Cluster B Personality Disorders

Personality disorders are ego-syntonic behaviors that begin in childhood or adolescence and are classified into 3 clusters: A, B, and C. They can considerably interfere with a patient’s adherence to medical treatment for a variety of reasons. It is important to rule out organic causes of a mental disorder (e.g., endocrine hormone imbalances, medication adverse effects, alcohol and/or substance use, other mental health co-morbidities) before ascribing a personality disorder to a patient. Cluster B includes antisocial, borderline, histrionic, and narcissistic personality disorders, which can be behaviorally described as dramatic, erratic, and threatening/disturbing.

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Antisocial Personality Disorder

Key features

  • < 18 years of age: conduct disorder
  • > 18 years of age: antisocial personality disorder, characterized by the following behaviors, which begin by age 15:
    • Deceitfulness: lying, manipulating, and exploiting others
    • Repeated criminal behavior and aversion toward social norms/laws
    • Unable to consistently fulfill responsibilities with work or finances
    • Impulsivity and recklessness: lack of regard for others’ and own safety
    • Aggressiveness
      • Irritability
      • Being part of physical fights
    • Lack of remorse: disregard for other people’s feelings and how they are affected by the patient’s actions

Risk factors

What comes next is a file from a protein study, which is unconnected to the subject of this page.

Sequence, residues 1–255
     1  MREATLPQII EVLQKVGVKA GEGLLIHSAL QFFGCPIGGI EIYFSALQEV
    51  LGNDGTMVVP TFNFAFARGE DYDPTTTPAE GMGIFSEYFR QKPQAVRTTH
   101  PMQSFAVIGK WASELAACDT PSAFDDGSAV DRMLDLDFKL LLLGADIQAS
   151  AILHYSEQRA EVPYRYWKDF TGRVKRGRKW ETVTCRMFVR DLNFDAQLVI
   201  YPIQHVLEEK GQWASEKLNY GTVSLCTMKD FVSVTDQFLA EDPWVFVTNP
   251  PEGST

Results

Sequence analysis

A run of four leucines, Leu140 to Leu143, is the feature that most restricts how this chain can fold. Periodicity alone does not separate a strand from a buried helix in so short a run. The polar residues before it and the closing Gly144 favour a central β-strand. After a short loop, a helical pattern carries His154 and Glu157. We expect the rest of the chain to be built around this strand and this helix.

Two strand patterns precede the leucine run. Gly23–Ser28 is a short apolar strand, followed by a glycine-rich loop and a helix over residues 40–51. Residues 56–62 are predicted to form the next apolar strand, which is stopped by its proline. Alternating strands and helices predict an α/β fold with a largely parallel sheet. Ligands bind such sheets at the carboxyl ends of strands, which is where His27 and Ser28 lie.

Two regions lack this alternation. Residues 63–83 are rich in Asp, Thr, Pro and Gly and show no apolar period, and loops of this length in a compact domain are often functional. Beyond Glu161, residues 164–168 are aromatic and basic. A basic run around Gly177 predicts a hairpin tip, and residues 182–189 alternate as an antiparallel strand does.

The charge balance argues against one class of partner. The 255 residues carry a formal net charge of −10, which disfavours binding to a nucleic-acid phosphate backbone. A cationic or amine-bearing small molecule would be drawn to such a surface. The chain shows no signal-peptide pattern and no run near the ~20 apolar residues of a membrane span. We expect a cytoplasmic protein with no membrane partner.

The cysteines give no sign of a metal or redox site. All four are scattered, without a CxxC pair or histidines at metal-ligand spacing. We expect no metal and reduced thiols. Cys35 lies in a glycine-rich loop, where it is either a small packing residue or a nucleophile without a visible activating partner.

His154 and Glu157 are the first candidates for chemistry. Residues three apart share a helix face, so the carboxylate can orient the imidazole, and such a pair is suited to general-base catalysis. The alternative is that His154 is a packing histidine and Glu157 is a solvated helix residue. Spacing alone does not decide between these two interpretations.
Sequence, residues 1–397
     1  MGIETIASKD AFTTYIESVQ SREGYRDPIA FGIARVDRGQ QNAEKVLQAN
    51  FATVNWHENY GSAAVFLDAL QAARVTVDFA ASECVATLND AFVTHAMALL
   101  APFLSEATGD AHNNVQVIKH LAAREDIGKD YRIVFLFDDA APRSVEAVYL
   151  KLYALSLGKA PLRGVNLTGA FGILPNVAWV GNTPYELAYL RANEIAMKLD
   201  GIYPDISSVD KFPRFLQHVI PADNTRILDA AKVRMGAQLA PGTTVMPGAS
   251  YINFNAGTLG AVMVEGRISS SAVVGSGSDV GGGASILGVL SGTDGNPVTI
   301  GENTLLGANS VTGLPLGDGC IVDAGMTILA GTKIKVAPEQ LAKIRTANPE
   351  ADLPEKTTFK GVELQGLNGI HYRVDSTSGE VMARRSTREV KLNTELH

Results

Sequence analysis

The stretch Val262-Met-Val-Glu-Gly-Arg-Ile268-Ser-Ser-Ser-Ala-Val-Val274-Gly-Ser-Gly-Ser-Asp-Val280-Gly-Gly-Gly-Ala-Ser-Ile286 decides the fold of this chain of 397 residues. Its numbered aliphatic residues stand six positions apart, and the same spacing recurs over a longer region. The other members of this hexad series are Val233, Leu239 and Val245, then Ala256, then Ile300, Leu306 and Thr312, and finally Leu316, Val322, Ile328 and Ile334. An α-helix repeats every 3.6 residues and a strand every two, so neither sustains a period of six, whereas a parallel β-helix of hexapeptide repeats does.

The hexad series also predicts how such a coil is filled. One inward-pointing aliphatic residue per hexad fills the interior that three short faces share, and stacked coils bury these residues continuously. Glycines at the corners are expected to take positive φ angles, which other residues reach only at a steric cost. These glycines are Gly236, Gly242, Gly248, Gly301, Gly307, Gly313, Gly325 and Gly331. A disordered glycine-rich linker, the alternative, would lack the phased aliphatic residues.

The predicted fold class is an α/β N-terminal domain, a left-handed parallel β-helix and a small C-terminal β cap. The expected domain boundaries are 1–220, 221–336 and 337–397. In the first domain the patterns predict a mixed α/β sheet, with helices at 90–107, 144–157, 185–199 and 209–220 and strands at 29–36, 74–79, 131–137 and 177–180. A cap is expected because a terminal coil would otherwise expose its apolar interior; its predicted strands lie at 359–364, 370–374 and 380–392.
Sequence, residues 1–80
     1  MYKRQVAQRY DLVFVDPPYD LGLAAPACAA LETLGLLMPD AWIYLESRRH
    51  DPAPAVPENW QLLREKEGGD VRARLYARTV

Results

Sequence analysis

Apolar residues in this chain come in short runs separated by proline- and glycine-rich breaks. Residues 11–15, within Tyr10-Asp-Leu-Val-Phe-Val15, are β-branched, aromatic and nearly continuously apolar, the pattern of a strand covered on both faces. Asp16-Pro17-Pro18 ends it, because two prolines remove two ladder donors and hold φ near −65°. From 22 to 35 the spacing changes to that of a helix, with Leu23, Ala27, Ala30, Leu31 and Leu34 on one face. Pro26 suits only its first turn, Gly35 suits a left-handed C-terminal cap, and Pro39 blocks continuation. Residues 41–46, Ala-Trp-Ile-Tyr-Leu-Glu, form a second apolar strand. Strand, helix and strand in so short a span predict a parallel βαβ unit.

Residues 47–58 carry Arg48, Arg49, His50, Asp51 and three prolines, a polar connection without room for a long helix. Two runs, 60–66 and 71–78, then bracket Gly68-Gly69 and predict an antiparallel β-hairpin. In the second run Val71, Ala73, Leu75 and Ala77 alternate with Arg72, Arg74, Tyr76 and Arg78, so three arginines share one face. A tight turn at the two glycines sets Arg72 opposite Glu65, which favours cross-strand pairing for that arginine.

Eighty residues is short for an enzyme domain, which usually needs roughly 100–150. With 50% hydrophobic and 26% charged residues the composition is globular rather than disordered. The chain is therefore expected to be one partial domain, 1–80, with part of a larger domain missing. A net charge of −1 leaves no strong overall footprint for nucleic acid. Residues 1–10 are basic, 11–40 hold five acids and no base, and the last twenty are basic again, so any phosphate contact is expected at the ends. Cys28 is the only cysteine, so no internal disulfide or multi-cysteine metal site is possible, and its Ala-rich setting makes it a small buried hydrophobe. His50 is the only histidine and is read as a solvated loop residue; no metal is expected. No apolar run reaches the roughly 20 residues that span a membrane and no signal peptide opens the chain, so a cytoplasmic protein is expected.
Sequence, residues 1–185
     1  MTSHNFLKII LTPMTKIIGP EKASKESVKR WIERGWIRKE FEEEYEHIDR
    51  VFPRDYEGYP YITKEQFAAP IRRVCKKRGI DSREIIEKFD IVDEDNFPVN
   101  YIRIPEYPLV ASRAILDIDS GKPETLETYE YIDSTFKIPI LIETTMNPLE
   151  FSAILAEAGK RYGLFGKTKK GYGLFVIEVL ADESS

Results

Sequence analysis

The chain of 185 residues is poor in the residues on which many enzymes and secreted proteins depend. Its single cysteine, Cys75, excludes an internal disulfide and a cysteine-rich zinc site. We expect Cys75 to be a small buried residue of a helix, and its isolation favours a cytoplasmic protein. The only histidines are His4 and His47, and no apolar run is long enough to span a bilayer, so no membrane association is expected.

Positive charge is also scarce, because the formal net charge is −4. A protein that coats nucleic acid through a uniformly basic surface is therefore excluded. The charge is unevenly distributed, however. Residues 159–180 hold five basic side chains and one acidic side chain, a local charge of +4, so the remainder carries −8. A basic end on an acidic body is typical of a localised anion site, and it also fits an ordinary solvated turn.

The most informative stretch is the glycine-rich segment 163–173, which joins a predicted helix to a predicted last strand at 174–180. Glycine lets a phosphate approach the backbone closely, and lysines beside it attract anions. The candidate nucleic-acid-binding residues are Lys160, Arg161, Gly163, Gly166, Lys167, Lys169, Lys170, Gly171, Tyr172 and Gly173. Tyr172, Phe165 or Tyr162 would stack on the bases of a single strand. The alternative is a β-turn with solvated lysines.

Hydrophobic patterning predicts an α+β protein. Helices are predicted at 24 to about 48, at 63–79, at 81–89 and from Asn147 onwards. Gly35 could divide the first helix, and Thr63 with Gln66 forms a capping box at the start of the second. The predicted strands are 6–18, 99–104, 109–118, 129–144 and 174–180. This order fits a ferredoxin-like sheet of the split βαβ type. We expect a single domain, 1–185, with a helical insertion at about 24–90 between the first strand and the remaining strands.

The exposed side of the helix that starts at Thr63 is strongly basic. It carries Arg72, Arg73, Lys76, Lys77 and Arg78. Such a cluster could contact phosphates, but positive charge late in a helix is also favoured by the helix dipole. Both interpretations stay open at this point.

• Family history of antisocial personality disorder
  • Associated with mood disorders
  • Associated with substance use disorder
  • Affects men far more commonly than women (high prevalence in prisons)

Management

  • Antisocial patients typically end up incarcerated prior to receiving medical treatment for their disorder.
  • Psychotherapy (first line, especially anger management)
  • Pharmacotherapy is generally not recommended unless the patient is overly aggressive (second-generation antipsychotics may be beneficial).

Clinical associations

  • Acting out is the predominant defense mechanism.
  • > 18 →  antisocial personality disorder
  • < 18 →  conduct disorder
  • < 18 with no damage to others or property →  oppositional defiant disorder
  • Should be differentiated from intermittent explosive disorder
  • Should be differentiated from disruptive mood dysregulation disorder
  • Distinction: “Antisocial” means “against society,” whereas “asocial” means “away from society.” Therefore, when someone is colloquially described as being antisocial, that person is actually asocial.

Borderline Personality Disorder

Key features

  • Intense fear of abandonment, unstable relationships
  • Disturbed sense of self
    • Unstable self-image
    • Possible severe symptoms of dissociation
  • Repeated suicidal behavior and self-harm
  • Lack of impulse control
  • Feelings of emptiness
  • Emotional lability:
    • Difficulty controlling anger 
    • Episodes of intense anxiety or dysphoria

Risk factors

  • Family history of borderline personality disorder
  • Associated with mood disorders
  • Associated with substance use disorders
  • Affects women more commonly than men

Management

  • Dialectical behavior therapy
    • A specific form of cognitive behavioral therapy
  • Pharmacotherapy for symptoms that impair functioning (e.g., anxiety, depression, mood instability)

Clinical associations

  •  Splitting (i.e., seeing things as either “good” or “bad,” with no gray area or compromise) is a predominant defense mechanism.
  • Acting out is another prevalent defense mechanism (cutting or other forms of self-mutilation are pathognomonic).
  • Increased risk of suicide
  • Very common in clinical populations (along with avoidant personality disorder [cluster C])
  • Should be differentiated from bipolar disorder (i.e., mood swings from manic to depressive episodes)

Histrionic Personality Disorder

Key features

  • Attention-seeking behavior: